you're on Route 66 or you're atop the Eiffel Tower in France, but a
wondrous journey into the unknown or rather the story that you've
been playing inside your head since last November.
NaNoWriMo is here yet again, and you've been feverishly
typing away, possessed beyond sight and the speed of sound when
suddenly, you're mind goes blank and you come to a grinding halt.
You dear friend,
have entered the Writer's Block Zone!
(psst, this is where you cue the music)
Is this you?
Are you about to pull your hair out or throw in the towel? There is nothing more heart wrenching, more evil, or more of a butt kicker than Writer's Block. It's okay, take a breath-we've all been there and you know what, you'll have it a hundred or more times during your writing career. I've been known to get it while filling out Christmas cards. If you're stuck in the Writer's Block Zone, first take a few breaths and save what you got and turn off the computer, lap top, or Ipad. Don't look at me like I've went stark raving mad, do it. Then I want you to step away and say to yourself, "I AM NOT A FAILURE! THE STORY IS IN ME, AND I WILL WRITE IT." You're still itching to get back to being frustrated and looking at that screen aren't you? Hair trigger maybe? WALK AWAY!!! To quote that little lady from the movie, Poltergeist, "Now clear your minds. It knows what scares you. It has from the very beginning. Don't give it any help, it knows too much already."
Writer's Block is no more than stress and it's not the end of your writing career or the nail in the coffin for your book or NaNoWriMo submission. It means you need a break and the more you let frustration and anxiety in-the more you're going to help your Writer's Block to stay. There are literally hundreds of ways and claims to get over Writer's Block. For all of you NaNo's out there, here is the top 20 ways from a past guide I got in 2010.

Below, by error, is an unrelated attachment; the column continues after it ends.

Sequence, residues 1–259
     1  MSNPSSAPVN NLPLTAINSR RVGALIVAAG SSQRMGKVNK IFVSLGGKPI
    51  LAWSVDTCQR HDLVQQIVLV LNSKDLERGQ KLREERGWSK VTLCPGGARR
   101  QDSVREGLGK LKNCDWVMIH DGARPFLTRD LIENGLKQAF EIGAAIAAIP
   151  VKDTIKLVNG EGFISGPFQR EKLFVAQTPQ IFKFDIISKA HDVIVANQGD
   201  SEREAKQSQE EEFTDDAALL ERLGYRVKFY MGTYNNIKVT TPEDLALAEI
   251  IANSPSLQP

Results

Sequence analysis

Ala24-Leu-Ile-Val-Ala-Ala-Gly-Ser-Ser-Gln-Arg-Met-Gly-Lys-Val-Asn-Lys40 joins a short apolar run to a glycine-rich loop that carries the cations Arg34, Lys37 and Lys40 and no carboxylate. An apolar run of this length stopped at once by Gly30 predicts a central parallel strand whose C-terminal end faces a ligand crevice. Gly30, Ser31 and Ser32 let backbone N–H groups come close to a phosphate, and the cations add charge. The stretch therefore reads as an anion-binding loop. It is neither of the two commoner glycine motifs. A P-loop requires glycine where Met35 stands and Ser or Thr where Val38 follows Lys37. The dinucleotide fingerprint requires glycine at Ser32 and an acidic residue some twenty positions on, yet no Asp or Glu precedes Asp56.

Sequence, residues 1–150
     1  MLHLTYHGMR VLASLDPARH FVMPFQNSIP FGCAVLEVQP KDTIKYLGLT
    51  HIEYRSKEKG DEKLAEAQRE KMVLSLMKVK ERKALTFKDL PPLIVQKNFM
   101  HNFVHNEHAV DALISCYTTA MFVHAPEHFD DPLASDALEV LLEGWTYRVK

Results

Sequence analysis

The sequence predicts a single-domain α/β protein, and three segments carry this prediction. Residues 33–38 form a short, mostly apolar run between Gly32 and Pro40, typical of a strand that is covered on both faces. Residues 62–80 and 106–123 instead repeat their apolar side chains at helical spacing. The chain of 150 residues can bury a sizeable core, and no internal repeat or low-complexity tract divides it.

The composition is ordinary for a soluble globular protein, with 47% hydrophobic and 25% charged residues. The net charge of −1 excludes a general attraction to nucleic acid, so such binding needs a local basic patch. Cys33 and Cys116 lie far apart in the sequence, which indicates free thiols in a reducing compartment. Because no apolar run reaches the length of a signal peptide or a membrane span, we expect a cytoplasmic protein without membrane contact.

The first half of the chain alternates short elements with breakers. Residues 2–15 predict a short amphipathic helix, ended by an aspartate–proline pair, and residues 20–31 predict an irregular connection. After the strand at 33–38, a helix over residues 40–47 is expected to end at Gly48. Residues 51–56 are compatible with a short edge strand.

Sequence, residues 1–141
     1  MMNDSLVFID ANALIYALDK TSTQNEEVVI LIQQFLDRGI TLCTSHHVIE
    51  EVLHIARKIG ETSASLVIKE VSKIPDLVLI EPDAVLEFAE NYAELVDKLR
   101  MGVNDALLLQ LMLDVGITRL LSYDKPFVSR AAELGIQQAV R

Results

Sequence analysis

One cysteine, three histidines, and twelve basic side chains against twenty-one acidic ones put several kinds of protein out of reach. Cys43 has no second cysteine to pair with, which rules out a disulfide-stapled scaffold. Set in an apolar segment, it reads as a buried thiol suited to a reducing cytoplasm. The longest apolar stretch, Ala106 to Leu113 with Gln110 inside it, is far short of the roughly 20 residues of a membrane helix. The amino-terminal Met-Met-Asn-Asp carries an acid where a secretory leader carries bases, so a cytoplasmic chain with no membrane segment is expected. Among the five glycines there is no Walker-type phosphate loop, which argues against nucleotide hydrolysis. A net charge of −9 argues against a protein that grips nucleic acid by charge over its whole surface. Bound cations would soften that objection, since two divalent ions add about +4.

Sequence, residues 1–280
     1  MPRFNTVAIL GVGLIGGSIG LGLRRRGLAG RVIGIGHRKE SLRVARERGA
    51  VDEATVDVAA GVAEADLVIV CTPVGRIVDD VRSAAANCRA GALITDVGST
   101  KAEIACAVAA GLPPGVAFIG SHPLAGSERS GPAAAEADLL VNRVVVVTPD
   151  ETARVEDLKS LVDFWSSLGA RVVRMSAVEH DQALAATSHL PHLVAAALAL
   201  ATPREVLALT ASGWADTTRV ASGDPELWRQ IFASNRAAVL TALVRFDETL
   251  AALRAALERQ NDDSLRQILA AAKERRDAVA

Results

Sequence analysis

- Don’t start with a blank page. Write a quick outline. Jot down a few notes. Write down that one, great quote you were planning to use. Presto — no more blank page.
- Read more widely. Create an RSS dashboard of top bloggers in your niche, sign up for a SmartBrief or two, or get a Google Alert on some of your key words. Read more newspapers. Read books. Read, read, read.
- Write what you feel like writing. If you have a terrific itch to write one particular idea, then write that one right now. The more you go with your creative flow and write what you’re inspired to write, the easier it will be beat writer’s block.
- Start anywhere. Many writers sit staring at their screens because they’re obsessed with writing the first line of a piece first. Forget all about that. If you know how it will end, write that now. If it has bullet points, go ahead and write those first, if that would be easy. Once you jot down the part that’s coming naturally to you, the rest will start to flow.
- Use your lifeline. That’s right, phone a friend, just like on the reality shows. Then, tell your friend about the topic you’re trying to write. As in all conversations, you will tend to naturally mention the most interesting points first. When you hang up, your piece is outlined and ready to go.
- Don’t edit while you write. When you’re writing, just let those creative juices flow along. Don’t spoil the magic by stopping to fiddle with a word here or cut a line there.
- Create an ‘idiot’s outline.’ If you have a lot of research, interviews and other material to organize, go through all your resources and simply listing each source. Then, next to the source, write the most important point or two they make. Now all you have to do is place the points into a logical order, and you’ve got a rough outline.
- Write without notes or quotes. Here’s the opposite approach for a piece with lots of interviews, statistics and research — simply put all your paperwork aside. Now, write the story. Resist the urge to look up factoids or exact quotes. Leave blanks or notes to check details as you go, but keep moving forward. At the end, go back and fact-check.
- Write something else. Write a shopping list, or a letter to a friend. Once the fingers are moving, it’ll be easier to get the piece you were stuck on rolling.
- Review your past writing. Whenever I was really intimidated by a writing assignment, I used to get out my writing portfolio and look through it. When you read your successful previous work, it reminds you that you are a strong writer, and you can do this.
- Free associate. If you feel disorganized, just go with that — start writing random thoughts about your topic. Then, sort through your brainstorms for lines you want in your piece.